Once you place your subject at an angle, play around with rotating them away from the window and then having them face the window more directly (although not too much - you don’t want to turn them so much you get BFL instead of WWL). As they move, watch the catchlights in their eyes and how the shadows fall differently across their features as you move them. Even tilting their head one way or another, as well as tilting their chin up or down, will subtly change the shadows. Let me show some examples of this…

Here she is turned slightly more away from the window, which results in stronger shadows on one side of the face. Depending on the quality and strength of your light, those shadows can be really strong and dramatic or more subtle.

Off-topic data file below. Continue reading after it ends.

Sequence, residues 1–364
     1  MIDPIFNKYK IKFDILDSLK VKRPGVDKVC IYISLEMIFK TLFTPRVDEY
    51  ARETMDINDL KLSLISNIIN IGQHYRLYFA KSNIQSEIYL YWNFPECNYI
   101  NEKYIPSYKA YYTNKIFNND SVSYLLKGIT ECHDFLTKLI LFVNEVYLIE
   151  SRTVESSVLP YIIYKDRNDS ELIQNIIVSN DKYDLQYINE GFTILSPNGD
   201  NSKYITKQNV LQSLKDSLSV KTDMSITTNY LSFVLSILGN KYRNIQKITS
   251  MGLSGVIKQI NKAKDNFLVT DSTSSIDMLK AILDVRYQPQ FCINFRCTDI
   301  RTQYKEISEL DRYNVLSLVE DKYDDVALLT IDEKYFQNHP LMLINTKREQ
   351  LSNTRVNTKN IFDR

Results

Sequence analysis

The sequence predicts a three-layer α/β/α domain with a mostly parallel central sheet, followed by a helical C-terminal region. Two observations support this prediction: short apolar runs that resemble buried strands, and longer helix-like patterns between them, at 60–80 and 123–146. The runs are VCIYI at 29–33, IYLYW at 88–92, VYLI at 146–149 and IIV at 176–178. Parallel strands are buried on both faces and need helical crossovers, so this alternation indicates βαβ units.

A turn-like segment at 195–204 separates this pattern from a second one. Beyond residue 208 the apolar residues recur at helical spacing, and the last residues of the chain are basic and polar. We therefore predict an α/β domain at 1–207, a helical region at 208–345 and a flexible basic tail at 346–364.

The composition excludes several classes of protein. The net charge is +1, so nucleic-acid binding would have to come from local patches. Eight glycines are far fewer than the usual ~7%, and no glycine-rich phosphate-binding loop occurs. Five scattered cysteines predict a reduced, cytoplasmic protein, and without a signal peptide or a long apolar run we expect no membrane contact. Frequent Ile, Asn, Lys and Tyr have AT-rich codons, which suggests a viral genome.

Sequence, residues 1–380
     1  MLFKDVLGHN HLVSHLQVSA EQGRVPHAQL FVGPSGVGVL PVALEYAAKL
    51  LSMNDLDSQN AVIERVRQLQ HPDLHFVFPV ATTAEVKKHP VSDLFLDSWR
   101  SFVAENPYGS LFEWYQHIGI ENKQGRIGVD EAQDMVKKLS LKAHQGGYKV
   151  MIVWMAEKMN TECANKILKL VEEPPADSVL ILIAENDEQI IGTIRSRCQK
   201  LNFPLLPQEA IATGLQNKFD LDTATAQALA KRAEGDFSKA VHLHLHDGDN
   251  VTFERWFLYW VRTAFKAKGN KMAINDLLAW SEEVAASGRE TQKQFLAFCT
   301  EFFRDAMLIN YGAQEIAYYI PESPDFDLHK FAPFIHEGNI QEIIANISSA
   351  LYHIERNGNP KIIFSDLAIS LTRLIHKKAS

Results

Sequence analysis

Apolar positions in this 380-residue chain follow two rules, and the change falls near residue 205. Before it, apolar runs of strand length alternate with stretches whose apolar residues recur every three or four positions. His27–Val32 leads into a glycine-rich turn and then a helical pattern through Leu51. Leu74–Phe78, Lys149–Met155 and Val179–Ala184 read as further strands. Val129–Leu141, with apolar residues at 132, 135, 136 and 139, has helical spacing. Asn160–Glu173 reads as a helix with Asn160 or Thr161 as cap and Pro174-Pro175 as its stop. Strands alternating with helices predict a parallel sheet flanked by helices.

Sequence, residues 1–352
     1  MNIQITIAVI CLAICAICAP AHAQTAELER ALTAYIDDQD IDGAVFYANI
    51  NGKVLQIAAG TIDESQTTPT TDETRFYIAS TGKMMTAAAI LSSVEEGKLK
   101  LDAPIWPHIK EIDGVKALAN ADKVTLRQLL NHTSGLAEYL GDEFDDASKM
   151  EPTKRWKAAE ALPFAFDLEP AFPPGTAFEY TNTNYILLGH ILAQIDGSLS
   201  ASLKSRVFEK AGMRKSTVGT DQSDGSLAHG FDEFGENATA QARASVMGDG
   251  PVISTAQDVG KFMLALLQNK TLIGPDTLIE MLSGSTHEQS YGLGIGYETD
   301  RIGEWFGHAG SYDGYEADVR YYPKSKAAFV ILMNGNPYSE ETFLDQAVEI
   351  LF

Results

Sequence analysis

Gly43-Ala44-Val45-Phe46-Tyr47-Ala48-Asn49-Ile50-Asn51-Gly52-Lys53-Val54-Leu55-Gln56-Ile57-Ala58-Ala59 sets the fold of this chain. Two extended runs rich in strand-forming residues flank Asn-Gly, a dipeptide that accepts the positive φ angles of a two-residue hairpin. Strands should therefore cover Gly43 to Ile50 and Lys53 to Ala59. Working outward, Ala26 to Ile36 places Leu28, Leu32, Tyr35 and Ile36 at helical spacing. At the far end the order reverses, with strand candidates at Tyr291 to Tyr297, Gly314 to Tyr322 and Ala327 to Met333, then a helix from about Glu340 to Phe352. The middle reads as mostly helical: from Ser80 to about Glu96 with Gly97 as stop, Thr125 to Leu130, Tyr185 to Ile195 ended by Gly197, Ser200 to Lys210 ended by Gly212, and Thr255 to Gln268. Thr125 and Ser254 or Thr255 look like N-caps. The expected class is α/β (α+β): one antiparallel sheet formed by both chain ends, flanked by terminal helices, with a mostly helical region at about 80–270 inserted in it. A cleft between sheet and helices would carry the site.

Here you can see that having her tilt her head in the other direction changes the shadows slightly.


And here I had her move a little closer to the window. She’s also closer to the wall, which resulted in stronger, more defined shadows behind her.


If you’ve ever struggled with your Black and White conversions, it could be because you used flat lighting. Images with dimensional shadows make for stronger BW images.


And WWL and good shadowing also makes for great still lifes. We travelled to Seattle recently, and I was so happy to open that hotel door and see a wall of windows. (You might also be a photography nerd if you talk about WWL too much. Evidently I might have expressed my desire for WWL a few times before we arrived, because when we walked in the room the first thing my daughter said was, “Hey look, Mom, you got your big windows!!”)